Why We Use ‘Guybrator’ To Describe Our Dick Toys


As a team, probably one of the longest ongoing debates we’ve had is over the use of the word ‘Guybrator’. And we know that some of our customers and reviewers have thoughts on this as well.

As today sees the launch of our latest Guybrator – JETT – we thought we’d take the opportunity to explain the thinking behind the term, and our approach to gendered language in general.

The origins of ‘Guybrator’

When we launched our first ever sex toy, PULSE, we created and trademarked the term ‘Guybrator’ as a tongue-in-cheek shorthand to help people quickly grasp what the toy was designed to do. At the time, most sex toys aimed at men were masturbation sleeves, and we needed a term to distinguish our unique oscillating product from the other penis-focused toys on the market.

The term was also important to us because it fitted our mission of reducing male masturbation stigma. In recent years society has warmed up to the idea of women using sex toys – with the media often presenting it as sexy and empowering – but guys using toys is still often seen as ‘weird’. ‘What’s wrong with using your hand?’ or ‘Can’t you get a girlfriend?’ cry people who don’t think that men also deserve to have enhanced pleasure through toys, or who aren’t considerate of the needs of disabled guys, or those with erectile dysfunction, who can often benefit from tools like PULSE.

So as a way to grab the attention of mainstream media and cisgendered men, and tackle that stigma, ‘Guybrator’ worked really well. But there are of course other issues here: a dick vibrator isn’t just for cisgendered men – there are many trans and non-binary people who could get enjoyment from a toy like PULSE, but may feel excluded by gendered language that makes them think it isn’t for them. So how do we solve this?

cliniQ and trans inclusion training

After a lot of internal discussion, we realised that the best thing to do would be to ask the experts. So we went to cliniQ, a trans-led sexual health service based in London. They offer a Wednesday evening drop-in clinic, plus counselling and holistic wellbeing services, to trans, non-binary and gender diverse people in Soho and St. Pancras. They also train organisations that would like to better serve trans customers, and we thoroughly recommend their services to other sex industry organisations.

With cliniQ we talked about ways to make trans customers feel welcome during customer support queries, and how our products could work for trans people post-medical transition. We also discussed the issue of gendered language. We explained that ‘Guybrator’ was valuable for selling our concept to men who had previously been given the message that sex toys weren’t for them, but that we didn’t want trans and non-binary people to be excluded from our offering.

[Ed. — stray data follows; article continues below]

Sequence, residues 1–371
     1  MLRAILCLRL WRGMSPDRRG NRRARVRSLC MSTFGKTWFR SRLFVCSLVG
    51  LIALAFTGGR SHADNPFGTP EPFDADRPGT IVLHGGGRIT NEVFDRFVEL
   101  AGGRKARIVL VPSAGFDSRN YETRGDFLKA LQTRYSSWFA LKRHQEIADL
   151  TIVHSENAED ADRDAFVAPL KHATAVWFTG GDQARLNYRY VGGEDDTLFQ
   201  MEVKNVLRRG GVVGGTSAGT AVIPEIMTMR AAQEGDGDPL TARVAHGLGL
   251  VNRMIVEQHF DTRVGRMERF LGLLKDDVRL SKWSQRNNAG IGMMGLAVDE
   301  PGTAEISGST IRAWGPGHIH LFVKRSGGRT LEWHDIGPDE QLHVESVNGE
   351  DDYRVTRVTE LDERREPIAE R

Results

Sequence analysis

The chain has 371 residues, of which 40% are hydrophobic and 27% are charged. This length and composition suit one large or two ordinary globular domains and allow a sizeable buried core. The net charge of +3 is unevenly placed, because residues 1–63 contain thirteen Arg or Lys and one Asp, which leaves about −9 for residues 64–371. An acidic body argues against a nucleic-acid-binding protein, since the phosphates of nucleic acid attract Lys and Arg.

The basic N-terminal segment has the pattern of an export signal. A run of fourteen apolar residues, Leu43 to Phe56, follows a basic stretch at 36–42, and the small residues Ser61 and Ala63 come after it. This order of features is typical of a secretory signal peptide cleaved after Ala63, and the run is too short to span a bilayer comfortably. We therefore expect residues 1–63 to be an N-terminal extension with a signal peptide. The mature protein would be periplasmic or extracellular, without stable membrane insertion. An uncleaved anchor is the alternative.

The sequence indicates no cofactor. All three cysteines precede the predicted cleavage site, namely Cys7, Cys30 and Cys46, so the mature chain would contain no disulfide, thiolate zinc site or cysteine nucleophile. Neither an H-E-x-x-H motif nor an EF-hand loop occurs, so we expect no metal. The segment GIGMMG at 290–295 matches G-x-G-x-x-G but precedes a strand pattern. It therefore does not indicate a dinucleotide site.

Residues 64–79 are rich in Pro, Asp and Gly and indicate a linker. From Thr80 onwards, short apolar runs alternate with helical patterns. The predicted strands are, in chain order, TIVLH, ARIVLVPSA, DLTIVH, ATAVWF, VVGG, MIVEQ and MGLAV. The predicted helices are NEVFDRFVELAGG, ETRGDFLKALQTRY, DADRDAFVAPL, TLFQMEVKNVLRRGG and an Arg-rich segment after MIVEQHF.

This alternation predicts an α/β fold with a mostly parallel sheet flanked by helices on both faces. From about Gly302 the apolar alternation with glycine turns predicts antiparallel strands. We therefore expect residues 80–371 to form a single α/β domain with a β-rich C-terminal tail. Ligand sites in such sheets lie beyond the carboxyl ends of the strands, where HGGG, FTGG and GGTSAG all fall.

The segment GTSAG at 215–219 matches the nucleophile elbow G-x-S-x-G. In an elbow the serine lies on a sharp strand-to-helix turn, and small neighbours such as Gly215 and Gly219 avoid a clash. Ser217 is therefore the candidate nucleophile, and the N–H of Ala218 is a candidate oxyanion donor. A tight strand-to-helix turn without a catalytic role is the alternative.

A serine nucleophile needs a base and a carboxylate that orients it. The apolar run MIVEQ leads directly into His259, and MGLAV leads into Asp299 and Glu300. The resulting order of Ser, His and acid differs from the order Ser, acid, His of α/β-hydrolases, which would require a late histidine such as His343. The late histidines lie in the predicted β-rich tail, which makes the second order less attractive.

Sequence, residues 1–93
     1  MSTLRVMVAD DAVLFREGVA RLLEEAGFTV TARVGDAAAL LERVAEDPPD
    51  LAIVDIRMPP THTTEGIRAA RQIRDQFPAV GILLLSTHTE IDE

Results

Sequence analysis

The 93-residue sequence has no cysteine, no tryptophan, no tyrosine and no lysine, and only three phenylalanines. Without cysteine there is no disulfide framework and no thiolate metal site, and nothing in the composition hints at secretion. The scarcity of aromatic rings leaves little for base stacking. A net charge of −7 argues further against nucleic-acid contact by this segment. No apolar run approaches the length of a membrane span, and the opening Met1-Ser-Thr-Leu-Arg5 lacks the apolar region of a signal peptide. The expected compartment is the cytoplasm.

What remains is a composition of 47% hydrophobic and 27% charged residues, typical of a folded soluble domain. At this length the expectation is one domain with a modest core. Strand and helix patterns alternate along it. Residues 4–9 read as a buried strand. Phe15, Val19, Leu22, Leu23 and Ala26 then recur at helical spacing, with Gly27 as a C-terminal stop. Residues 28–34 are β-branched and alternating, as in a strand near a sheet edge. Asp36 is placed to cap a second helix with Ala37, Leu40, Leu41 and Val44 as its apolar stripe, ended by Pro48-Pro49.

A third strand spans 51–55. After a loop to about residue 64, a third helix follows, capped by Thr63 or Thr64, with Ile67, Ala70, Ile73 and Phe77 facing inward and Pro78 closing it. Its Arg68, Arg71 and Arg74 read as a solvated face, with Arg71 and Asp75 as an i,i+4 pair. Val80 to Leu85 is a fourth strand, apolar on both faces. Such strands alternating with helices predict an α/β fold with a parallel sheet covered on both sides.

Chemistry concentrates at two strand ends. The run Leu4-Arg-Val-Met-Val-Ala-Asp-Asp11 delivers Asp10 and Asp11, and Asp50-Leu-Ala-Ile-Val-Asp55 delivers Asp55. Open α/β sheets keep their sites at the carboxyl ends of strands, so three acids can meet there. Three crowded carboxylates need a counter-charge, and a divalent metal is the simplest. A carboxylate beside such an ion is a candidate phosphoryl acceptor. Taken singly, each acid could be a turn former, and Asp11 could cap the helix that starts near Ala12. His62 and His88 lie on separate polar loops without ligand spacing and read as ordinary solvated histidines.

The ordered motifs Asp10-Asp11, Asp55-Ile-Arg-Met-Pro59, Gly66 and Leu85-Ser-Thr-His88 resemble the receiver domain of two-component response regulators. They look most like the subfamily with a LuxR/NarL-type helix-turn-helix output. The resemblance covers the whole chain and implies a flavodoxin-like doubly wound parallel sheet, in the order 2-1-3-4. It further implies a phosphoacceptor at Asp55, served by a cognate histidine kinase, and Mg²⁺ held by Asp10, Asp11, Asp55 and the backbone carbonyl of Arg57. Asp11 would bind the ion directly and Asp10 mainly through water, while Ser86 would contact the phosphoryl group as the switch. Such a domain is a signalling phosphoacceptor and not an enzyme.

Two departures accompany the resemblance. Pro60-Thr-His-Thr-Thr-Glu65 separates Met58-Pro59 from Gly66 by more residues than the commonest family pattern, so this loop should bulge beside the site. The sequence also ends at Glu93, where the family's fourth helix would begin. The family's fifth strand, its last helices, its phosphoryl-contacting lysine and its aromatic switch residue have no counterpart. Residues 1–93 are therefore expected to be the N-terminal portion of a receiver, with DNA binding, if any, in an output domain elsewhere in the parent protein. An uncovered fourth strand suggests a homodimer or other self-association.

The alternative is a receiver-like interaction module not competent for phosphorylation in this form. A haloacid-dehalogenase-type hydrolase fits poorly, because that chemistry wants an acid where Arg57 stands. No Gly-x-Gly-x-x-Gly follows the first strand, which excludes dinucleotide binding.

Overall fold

The team at cliniQ pointed out that while ‘Guybrator’ certainly doesn’t work for trans women, the term could in fact be affirming for some trans masculine people, and we shouldn’t leave them out of our thinking. They recommended that rather than shutting down options when it comes to the language we use to describe our toys, we should instead think about how best to open them up, speaking directly to people of all genders to make sure they are included.

With their guidance, we’ve come up with a few core rules that will inform how we discuss our toys in future – a lot of which you’ll see implemented on our new website which will launch in a couple of months’ time.

Our trans inclusivity guidelines

1. Use a variety of terms for our products– penis toys, guybrators, clitoral toys, masturbators, women’s sex toys, wand toys, men’s sex toys and more – so people can see themselves among a full range of users represented on our site.

2. Expand our content to include more writing by and for trans and non-binary people.

3. Give people the option to remove gendered language if they want, to avoid causing distress for those who may prefer not to read gendered terms.

To that end, our new website will include more information about how to use our toys, with specific info for people at different stages of medical transition. We’re working with cliniQ on creating this, and planning to run workshops with some of their team and clients to make sure we’re giving accurate and pleasurable advice on using our toys.

We’ll use a variety of terms in blog posts, product pages, press releases and other materials. While not everyone will identify with every word, we hope that everyone – no matter what their gender – will see themselves represented somewhere on our site, and have a good idea of which of our toys will work best for them.

We know this isn’t necessarily the ‘right’ answer to this issue – and that some will disagree with our approach – but it’s one we’re excited to explore on our new site. We’re always open to customer feedback, and we’re especially interested in hearing from trans and non-binary customers about things they’d like to see more of.

We’re looking forward to continuing the conversation with you all: learning more about how our products can work for trans and NB customers, creating more focused content for our site, and featuring more guest blogs by trans writers too. So if this is of interest to you, please do get in touch!

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